/ 4 June 2024

A new national vision is now urgent – and it’s up to the ANC left

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This is the time for the left in the ANC to make its claim on history. (Delwyn Verasamy/M&G)

In the next two weeks the ANC will either have to make a deal with the liberal establishment, represented by the Democratic Alliance (DA), or the  authoritarian nationalists, now led by the uMkhonto weSizwe (MK) party, to be able to form a government. 

Neither option offers any guarantee of ensuring a stable government. Both choices will further divide the ANC, rendering it highly unstable and further splits inevitable. Both choices will inflame political tensions and result in intense and enduring political acrimony in and beyond party politics, an acrimony that runs throughout society. On its outer edges that acrimony will understand itself in terms of a mutual and existential imperative to destroy the other side rather than a set of differences to be resolved through democratic forms of disputation. However things go down there will be blood in KwaZulu-Natal.

The serial failures of Agang, Change Starts Now, Rise Mzansi, Build One South Africa and ActionSA mean that the DA remains the only meaningful electoral instrument for the liberal establishment. That establishment, which has its material base in white and Western capital along with the power of Western governments, has its intellectual base in a set of NGOs and parts of the media. It has been drifting to the right in recent years and is now marked by a strident and blinding moral arrogance entwined with a sense of civilisational superiority.

There is a sense among some on the liberal right that some sort of deal between the ANC, the DA and the Inkatha Freedom Party (IFP) will put an end to the era of national liberation politics and begin to achieve what contemporary liberalism desires everywhere — an end to politics as politics in the name of technocratic management of an economy driven by the interests of capital. Some liberal idealogues also aspire to suppress demands for racial redress and make South Africa a state wholly aligned to the West. These are fantasies that cannot be realised and, if a serious attempt is made to push for their realisation, can only exacerbate the polarisation of our politics. They are well described as dangerous fantasies animated by racial arrogance.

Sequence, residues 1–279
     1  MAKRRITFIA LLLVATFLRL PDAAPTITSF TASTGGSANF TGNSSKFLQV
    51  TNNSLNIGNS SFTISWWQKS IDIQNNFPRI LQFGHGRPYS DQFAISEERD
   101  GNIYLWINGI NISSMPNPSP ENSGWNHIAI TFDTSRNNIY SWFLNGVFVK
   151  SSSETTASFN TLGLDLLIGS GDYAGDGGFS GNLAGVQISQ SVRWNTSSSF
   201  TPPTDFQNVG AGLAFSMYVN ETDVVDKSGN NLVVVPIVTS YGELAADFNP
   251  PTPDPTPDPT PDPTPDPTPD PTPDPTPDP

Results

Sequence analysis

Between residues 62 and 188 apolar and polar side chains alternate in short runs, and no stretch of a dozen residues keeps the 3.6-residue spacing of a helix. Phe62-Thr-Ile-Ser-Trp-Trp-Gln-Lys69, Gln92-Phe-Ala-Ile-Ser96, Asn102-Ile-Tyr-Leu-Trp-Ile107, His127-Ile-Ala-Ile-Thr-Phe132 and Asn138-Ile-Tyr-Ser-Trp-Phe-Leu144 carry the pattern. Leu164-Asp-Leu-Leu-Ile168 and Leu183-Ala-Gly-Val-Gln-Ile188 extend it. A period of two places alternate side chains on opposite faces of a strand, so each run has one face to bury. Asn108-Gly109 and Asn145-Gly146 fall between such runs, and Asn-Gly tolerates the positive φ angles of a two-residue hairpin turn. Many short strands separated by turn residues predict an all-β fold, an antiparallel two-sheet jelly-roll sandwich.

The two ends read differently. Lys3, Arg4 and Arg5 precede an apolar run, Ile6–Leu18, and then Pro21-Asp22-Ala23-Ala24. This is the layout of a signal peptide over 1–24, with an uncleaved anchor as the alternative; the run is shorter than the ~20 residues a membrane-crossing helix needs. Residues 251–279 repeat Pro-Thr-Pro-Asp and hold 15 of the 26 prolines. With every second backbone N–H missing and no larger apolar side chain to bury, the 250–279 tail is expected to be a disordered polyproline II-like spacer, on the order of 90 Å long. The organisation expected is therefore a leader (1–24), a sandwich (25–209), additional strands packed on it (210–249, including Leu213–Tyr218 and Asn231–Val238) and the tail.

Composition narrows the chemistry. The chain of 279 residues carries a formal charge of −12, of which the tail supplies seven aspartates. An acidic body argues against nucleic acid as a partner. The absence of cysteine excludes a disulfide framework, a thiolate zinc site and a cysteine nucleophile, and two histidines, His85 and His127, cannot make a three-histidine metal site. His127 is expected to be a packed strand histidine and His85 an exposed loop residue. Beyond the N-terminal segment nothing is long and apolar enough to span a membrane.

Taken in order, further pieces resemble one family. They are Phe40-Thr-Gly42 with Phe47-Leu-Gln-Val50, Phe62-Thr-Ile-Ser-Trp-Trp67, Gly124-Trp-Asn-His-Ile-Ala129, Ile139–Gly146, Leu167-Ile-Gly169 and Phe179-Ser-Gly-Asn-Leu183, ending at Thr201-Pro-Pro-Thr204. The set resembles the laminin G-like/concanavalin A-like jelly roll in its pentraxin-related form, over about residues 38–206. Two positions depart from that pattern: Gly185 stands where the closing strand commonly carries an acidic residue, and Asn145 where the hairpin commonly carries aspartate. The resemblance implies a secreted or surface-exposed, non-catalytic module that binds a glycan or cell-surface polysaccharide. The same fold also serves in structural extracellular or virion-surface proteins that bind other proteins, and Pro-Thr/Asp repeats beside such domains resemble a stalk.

But the liberal establishment is not wrong to see Jacob Zuma’s MK party as a threat to democracy and to the possibility of fair and efficient forms of governance that follow laws, regulations and policies. The MK party is a highly authoritarian project and the record of its leader and others in government is that of ruthless and reckless kleptocratic practices driving the formation of a counter-elite and legitimated in the name of racial redress and pro-poor rhetoric. The former claim is credible in some very specific respects. The latter is farcical.

Zuma’s politics also comes with extreme right-wing views on some social issues, a militarised posture and a history of violence, violence that he has never disavowed. This extends beyond the groups of armed and uniformed men who sought to spark wider violence by openly attacking migrants in Durban in the lead-up to his incarceration in 2021, the public enthusiasm of his key supporters for the violence that followed his incarceration and the more covert groups of armed men that operated with military precision within the wider riots. It also includes the capacities for violence by the mafias, some self-described as “business forums”, that, until recently, were in and adjacent to the “Radical Economic Transformation” faction of the ANC. Along with the izinkabi, professional assassins, some of the business forums effectively have their own militias. 

Public money has been appropriated and rents extracted from the top to the bottom of this political project, from the seizure of public budgets and demands for kickbacks at the top to the looting of small budgets for local services and the seizure of land in order to extract rent at the bottom. This does enrich and empower a counter-elite in formation but any claim that it is pro-poor is ludicrous. On the contrary, it is directly damaging to the material interests of the poor, the working class, and large parts of the middle class too.